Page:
MEACHAM: Sure. It ebbs and flows because this is -- as we talked about, this is the human heart and the perversion of appetites and ambitions. There are -- the way presidents speak about these things does matter because it does set a tone. And the people can be skeptical about that. I understand that. Even President Biden at one point said it is time -- we are past thoughts and prayers.

Just to put in one quick thing here. I'm a gun owner. The safest place to be (INAUDIBLE) is somewhere near me with a gun. But my view is these assault weapons, these weapons of war, they've come to our streets and our nightclubs and our schools, must be restricted to the military. It is not particularly a debate, it seems to me.

And for those who, in my native region in particular, south, say, oh, no, this is an encroachment on the Second Amendment, my test is this: What if one life is saved because these assault weapons are made more difficult to obtain? Just one. What if it is your spouse or your friend or your child? And so, we cannot let the perfect be the enemy of the good for that.

Our president's manners, our president's tone can affect the temperature. You mentioned it before. President Biden, I'm honored that he's a friend and I help him when I can, I think he is particularly well equipped to do this.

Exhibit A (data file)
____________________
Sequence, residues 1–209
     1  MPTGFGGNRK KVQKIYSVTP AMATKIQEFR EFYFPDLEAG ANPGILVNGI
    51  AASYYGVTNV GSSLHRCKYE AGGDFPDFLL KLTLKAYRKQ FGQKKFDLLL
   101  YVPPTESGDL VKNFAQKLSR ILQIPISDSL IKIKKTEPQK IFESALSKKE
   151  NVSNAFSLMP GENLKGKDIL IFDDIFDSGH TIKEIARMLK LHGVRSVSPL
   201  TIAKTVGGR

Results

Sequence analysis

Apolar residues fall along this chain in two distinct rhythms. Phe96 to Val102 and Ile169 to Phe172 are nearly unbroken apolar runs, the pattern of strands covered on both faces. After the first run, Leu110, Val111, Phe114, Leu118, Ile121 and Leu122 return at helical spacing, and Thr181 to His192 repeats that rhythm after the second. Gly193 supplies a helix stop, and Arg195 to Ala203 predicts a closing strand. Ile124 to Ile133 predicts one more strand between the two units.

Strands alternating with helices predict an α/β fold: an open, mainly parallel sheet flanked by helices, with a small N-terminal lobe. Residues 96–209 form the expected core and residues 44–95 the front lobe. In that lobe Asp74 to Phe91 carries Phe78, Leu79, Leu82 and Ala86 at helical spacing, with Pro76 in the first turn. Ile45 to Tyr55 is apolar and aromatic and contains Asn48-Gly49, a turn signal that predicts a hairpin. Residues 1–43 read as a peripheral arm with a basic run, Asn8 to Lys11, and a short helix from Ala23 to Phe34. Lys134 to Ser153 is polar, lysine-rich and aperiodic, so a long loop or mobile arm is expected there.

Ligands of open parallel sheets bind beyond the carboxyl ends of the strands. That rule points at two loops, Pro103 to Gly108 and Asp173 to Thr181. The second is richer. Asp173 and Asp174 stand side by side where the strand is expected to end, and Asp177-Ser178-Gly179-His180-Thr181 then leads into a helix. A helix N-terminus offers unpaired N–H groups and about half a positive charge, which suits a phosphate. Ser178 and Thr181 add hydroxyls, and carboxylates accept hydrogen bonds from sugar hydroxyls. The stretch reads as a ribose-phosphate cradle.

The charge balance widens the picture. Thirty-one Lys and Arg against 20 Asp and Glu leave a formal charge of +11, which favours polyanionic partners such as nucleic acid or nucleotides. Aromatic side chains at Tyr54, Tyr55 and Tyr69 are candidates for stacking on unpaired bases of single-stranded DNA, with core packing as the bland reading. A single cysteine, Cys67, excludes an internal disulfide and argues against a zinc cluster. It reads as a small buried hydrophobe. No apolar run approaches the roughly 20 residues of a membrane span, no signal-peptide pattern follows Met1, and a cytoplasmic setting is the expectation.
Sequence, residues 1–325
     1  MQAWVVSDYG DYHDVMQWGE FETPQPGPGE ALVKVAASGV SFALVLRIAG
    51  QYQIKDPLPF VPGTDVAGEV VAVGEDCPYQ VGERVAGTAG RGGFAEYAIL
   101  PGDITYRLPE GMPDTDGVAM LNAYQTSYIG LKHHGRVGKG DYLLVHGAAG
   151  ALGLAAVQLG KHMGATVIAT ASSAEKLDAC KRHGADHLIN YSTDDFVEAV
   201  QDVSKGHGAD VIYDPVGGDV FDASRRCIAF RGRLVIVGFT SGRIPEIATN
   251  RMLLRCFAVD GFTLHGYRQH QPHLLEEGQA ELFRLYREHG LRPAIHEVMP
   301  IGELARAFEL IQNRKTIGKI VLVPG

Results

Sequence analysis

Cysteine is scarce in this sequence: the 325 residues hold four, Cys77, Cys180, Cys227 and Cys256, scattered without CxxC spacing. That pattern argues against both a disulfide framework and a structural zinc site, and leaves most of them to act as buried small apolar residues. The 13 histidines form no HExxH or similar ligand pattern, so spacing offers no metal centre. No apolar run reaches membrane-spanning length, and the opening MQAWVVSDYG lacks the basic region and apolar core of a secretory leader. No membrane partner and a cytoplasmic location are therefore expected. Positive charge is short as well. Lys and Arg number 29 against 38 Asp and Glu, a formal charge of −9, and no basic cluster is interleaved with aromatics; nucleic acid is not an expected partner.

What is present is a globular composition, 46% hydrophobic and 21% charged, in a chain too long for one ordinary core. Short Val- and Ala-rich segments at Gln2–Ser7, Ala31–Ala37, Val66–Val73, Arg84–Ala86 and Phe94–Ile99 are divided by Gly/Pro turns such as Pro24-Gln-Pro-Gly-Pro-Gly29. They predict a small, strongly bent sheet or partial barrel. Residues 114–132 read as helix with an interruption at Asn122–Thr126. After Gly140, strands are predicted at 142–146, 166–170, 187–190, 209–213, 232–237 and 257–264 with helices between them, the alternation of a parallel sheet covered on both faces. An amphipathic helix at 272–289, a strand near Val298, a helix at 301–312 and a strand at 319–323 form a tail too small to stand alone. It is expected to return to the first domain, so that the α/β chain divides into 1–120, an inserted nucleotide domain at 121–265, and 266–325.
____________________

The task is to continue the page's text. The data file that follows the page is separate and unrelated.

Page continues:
I think President Clinton did it after Oklahoma City. Oklahoma City is actually a pretty good example here because President Clinton had just had a terrible election partly because he had banned assault weapons in 1994 in a bill that Joe Biden was critical in doing. And there is the terrible attack on the federal building in Oklahoma City in 1995. President Clinton goes. He takes this moment and talks incredibly well.

That same season, George Herbert Walker Bush, who had just been defeated three years before, resigns from the NRA because the NRA had put out a fundraising letter referring to federal agents as jackbooted thugs. And so, Bush, the senior Bush, resigned from there in a very important letter.

So, yes, it can make a difference. What would make the biggest difference is if we all remember that what runs America, what should run America is the declaration of independence. The declaration of independence begins with that majestic idea that we are all created equal and we're all endowed by our creator no matter our color, our sexual orientation, no matter what.

And that is our mission statement. That is what we said we wanted to be. No one forced that on us. That's what folks who look like me decided to say they believe in the late 18th century. We are now in the 21st century.